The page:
Rupa Ganguly Talukdar

Born to famous poet Kaifi Azmi and stage actress Shaukat Azmi, Shabana straddles both commercial and parallel cinema with equal ease. A five-time National-Award-winning actress, having received accolades for her performances in Ankur, Arth, Khandhar, Paar and Godmother, could not lessen her love for theatre. Theatre was very much a part of her existence as she had once said, “My mother used to take me to Prithvi Theatre, in Mumbai, when I was just three months old…in theatre, you need to have fierce concentration, challenge of theatre is to remain calm and focused.”
The play, Broken Images, was premiered way back in 2009. A psychological thriller, this play is about a Hindi short-story writer who suddenly becomes internationally famous for writing a bestseller in English. The play, directed by Alyque Padamsee and written by Girish Karnad was staged this time at GD Birla Sabhaghar on Wednesday, September 8. The event was co-ordinated by Weavers Studio Centre for Arts. Shabana was seen playing double roles in it, easily moulding herself well, not in two different characters but in two facets of the same character. With the developments in theatrical technology, two different Shabanas were seen on stage at the same time. The story unfolds as the play proceeds. It is the tale of an elder sister, Manjula, unethically publishing in her own name a hit novel actually written by her crippled younger sister, Malini, after her death. The trauma of the crippled is always easily glorified, but here the trauma of a sibling who is neglected in the process has been brought forth. It was a One-Act play. Only one actor (Shabana) enacted both, the character and her conscience, innovatively portrayed on the TV screen.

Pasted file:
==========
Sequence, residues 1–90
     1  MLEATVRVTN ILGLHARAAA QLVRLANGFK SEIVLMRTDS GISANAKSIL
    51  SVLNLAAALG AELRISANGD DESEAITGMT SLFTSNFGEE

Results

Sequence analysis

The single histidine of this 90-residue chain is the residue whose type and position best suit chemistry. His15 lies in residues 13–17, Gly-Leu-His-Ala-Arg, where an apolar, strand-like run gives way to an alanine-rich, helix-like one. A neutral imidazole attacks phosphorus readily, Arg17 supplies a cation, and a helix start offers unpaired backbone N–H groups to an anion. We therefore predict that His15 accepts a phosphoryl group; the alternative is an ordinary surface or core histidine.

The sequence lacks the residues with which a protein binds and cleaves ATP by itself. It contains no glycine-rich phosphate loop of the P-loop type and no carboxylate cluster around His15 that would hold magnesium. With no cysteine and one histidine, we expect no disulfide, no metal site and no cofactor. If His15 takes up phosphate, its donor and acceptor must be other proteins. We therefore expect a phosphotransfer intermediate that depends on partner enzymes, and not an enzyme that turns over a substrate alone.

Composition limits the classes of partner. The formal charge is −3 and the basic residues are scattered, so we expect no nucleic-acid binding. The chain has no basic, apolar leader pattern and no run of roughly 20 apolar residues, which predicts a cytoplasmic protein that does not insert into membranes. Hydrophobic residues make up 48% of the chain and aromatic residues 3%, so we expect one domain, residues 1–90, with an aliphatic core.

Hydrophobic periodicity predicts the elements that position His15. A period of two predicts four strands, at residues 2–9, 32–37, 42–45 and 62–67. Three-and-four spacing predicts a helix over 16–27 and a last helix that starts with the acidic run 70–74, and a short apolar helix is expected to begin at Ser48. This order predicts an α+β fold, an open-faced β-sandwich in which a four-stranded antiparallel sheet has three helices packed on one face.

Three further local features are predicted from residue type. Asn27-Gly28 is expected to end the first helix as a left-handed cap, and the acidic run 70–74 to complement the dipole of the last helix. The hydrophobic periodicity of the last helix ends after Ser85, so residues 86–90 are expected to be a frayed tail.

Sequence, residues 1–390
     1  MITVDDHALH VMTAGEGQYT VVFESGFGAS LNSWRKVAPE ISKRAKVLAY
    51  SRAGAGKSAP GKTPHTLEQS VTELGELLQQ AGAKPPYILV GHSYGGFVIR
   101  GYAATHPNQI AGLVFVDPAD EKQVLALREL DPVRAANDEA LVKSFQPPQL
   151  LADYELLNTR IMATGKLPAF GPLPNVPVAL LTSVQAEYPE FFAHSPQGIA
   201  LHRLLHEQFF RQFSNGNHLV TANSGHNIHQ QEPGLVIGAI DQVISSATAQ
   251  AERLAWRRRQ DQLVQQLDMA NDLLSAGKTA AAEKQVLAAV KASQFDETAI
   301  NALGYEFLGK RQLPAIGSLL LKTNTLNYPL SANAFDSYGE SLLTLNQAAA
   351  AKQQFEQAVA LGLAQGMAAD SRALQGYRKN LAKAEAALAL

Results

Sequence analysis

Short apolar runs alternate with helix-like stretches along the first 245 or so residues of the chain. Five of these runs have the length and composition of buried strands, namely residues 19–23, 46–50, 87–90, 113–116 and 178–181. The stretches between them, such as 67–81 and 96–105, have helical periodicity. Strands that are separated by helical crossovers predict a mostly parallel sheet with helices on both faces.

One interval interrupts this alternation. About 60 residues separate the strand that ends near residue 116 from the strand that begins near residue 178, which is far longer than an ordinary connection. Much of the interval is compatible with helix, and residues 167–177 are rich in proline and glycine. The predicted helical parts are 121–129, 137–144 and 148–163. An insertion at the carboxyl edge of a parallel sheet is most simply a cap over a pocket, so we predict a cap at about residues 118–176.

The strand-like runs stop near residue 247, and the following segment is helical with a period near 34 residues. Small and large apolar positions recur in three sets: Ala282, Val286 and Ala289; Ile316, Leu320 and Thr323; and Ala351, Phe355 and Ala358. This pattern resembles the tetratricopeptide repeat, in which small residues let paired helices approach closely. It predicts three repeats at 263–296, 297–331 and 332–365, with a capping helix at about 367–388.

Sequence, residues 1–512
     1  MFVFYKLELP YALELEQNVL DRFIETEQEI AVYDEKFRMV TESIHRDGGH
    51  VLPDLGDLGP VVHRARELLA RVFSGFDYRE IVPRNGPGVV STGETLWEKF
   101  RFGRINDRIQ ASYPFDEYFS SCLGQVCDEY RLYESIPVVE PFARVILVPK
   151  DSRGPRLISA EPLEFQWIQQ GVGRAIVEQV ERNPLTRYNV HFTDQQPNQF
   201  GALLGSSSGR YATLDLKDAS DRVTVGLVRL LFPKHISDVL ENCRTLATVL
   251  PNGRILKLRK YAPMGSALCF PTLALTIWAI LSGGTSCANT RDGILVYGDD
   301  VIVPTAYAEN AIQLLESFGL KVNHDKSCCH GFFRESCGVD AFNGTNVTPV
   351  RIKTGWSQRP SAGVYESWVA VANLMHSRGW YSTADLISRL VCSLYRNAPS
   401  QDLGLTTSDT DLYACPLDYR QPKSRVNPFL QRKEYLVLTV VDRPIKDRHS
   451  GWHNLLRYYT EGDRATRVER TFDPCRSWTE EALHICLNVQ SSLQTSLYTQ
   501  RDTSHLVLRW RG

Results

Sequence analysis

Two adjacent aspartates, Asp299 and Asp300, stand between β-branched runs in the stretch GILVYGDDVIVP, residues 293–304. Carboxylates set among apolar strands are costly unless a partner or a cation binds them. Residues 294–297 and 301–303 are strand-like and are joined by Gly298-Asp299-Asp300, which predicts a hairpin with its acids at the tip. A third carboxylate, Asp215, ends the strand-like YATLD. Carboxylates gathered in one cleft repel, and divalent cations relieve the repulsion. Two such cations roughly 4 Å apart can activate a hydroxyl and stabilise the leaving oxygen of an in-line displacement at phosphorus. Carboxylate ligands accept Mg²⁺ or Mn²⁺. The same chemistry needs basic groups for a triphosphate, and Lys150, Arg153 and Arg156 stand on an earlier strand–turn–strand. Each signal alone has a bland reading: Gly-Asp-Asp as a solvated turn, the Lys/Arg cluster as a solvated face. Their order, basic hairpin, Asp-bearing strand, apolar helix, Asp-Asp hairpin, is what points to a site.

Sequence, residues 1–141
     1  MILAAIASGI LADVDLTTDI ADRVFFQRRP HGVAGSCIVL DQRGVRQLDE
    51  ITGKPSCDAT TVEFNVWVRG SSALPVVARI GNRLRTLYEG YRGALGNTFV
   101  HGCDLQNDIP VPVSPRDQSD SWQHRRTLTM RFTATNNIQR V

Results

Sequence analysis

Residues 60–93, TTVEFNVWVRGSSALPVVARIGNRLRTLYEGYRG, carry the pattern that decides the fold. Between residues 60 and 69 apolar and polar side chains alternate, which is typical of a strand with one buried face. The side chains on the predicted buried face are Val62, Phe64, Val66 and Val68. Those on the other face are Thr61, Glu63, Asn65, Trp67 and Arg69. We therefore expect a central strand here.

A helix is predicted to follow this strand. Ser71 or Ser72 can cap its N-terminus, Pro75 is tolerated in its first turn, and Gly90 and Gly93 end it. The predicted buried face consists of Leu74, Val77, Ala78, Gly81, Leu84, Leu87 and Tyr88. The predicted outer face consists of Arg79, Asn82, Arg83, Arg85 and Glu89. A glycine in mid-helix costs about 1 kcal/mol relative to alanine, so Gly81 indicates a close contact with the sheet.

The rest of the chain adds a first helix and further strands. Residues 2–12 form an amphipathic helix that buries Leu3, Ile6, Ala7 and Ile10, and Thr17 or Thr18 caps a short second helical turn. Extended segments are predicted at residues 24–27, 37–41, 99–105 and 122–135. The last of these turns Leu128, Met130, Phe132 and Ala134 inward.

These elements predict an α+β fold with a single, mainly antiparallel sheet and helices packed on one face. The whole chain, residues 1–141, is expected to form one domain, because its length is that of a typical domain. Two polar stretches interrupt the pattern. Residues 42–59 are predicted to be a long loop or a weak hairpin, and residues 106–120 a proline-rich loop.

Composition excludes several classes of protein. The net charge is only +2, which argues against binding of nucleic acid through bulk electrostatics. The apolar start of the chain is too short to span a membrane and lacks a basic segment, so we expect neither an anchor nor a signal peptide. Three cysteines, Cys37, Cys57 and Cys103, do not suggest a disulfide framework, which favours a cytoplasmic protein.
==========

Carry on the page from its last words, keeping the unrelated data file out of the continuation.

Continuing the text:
The actor had somewhere said, “It is the relationship between her and her image and at no point can we say that the image is actually her, her conscience, or whether it is her younger sister Malini, who used to write in English, but was paralysed from birth.”
Audience was kept glued to their seats for whole one hour as Shabana maintained sync with her conscious that kept running parallel on the TV monitor. The smooth switch from English to Hindi and vice versa along with the display of emotions made the play a splendid watch. The use of technology set the play apart where the role of the alter ego was pre-recorded and later replayed on a television screen. A script so dramatic and challenging was done justice to and to put it in Shabana’s own words “for the first time in my entire career, on the stage and on the big screen where I have completed a 45-minute-long performance in a single shot”.

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